Chicago Writer Lacks Confidence in Political Reform | WBEZ
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Eight Forty-Eight

Chicago Writer Lacks Confidence in Political Reform

Chicago writer Ron Litke is skeptical about this latest attempt at reform actually taking root.

Dietrich Bonhoeffer, an obscure German clergyman and theologian, wrote: “To understand reality is not the same as to know about outward events. It is to perceive the essential nature of things…”

For example: those of us who think we understand reality don't know it like most politicians in Chicago and Illinois. The major newspapers and good government advocates these days are keen to pass any of the recommendations proposed in the recent 95-page report from the Illinois Reform Commission. It's a clearly honest work of ninety civic-minded folks who circumnavigated the state for more than three months, following the debut of the Rod Blagojevich surrealism show last December. They talked to thousands of folks with ideas for an exorcism for Illinois politics, and arrived at some eminently reasonable reform legislation. Such as:

-prohibiting politicians' campaign funds from accepting contributions from state employees under their control;
-reforming purchasing practices;
-or even a basic code of ethics and principles for elected officials, appointees, and employees.

Are they kidding?

You see, reporters and editorial writers may think they know what's happening -- but they don't think as a politician does. The critical error journalists make is to interpret government policies and practices as they affect the citizenry.

As this radio station reported last week this is what Mayor Richard Daley said in response to why government reform was not included in his recent Illinois law wish list.

DALEY: “What? Yes, we've done everything here. We're leading the way with our inspector general, office of compliance, all the things we've done. We're more transparent than any other government. Look at it. We're doing a tremendous job here. We lead by example.”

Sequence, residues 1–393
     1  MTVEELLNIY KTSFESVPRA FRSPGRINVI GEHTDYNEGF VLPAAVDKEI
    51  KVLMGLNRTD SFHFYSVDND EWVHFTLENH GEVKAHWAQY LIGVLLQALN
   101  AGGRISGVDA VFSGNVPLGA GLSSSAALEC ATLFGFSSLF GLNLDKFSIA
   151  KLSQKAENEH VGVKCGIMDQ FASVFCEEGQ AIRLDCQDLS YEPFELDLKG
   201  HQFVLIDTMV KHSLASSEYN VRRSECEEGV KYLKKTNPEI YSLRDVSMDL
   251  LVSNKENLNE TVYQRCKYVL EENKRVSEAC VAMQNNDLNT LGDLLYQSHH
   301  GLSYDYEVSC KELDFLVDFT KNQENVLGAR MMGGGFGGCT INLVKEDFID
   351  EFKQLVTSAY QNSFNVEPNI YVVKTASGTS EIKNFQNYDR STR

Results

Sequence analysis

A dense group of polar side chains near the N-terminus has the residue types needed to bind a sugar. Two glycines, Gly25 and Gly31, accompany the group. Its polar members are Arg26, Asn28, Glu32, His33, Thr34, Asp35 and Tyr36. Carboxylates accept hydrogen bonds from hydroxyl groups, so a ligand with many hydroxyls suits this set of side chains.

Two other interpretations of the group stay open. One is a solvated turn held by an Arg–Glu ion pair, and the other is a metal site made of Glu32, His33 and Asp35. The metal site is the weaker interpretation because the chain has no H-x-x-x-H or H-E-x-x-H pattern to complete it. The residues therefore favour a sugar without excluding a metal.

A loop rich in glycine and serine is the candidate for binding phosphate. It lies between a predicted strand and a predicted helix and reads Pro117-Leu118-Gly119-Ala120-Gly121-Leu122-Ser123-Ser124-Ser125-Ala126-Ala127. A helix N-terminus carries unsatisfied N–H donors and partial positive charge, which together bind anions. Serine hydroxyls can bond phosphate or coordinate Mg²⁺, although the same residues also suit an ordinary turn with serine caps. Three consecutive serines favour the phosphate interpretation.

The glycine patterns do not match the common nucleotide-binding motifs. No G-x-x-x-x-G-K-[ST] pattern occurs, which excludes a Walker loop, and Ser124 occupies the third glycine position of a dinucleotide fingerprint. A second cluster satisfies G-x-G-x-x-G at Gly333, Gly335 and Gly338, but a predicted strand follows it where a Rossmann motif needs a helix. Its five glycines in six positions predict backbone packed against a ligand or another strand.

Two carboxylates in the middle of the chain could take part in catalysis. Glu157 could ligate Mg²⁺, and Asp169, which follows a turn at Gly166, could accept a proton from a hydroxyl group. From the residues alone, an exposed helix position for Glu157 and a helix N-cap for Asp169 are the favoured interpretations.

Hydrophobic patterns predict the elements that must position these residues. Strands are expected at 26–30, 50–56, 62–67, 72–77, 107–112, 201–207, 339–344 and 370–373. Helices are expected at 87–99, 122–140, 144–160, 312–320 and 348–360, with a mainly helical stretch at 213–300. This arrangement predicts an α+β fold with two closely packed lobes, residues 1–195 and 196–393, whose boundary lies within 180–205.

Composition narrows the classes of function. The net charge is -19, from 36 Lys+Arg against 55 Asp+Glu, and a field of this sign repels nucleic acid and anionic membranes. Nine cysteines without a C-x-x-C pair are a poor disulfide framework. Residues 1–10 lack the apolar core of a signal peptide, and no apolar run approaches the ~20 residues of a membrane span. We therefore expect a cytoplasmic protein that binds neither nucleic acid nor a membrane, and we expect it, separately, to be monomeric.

For goodness sake, the major's middle name is reform, or recycling, or TIF – depending on the day. Sure, you and I think the Inspector General's office, which was originally charged with identifying and prosecuting corruption, has been neutered by the Office of Compliance – which, by the way must have been nomenclature chosen by Daley himself. A stroke of genius. And none of us can recall if the Office of Compliance has done anything significant since it was created last year. And Chicago must have the most transparent government, as the mayor says, since every time U.S. Attorney Patrick Fitzgerald turns his eyes on it, someone is convicted of something. Even so, the mayor never knows anything about it -- even if the person who did it is somehow related to him, or has an office not far from him, or just happens to come from Bridgeport. That's leading by example.

The mayor knows what Dietrich Bonhoeffer knows: “The wise man will seek to acquire the best possible knowledge about events, but always without becoming dependent upon this knowledge. To recognize the significant in the factual is wisdom.”

So – whatever you may think about government reform – get real. Consider the Tao-te-Ching: “To know, yet to think that one does not know, is best; not to know, yet to think that one knows, will lead to difficulty.”

So much for reform.

Music Button: Bettye Lavette, "You'll Never Change", from the CD Souvenirs, (Body and Soul records) 

Additional voices:  Mayor Richard M. Daley, Jackie Gleason as Ralph Kramden from the Honeymooners, Donald Rumsfeld

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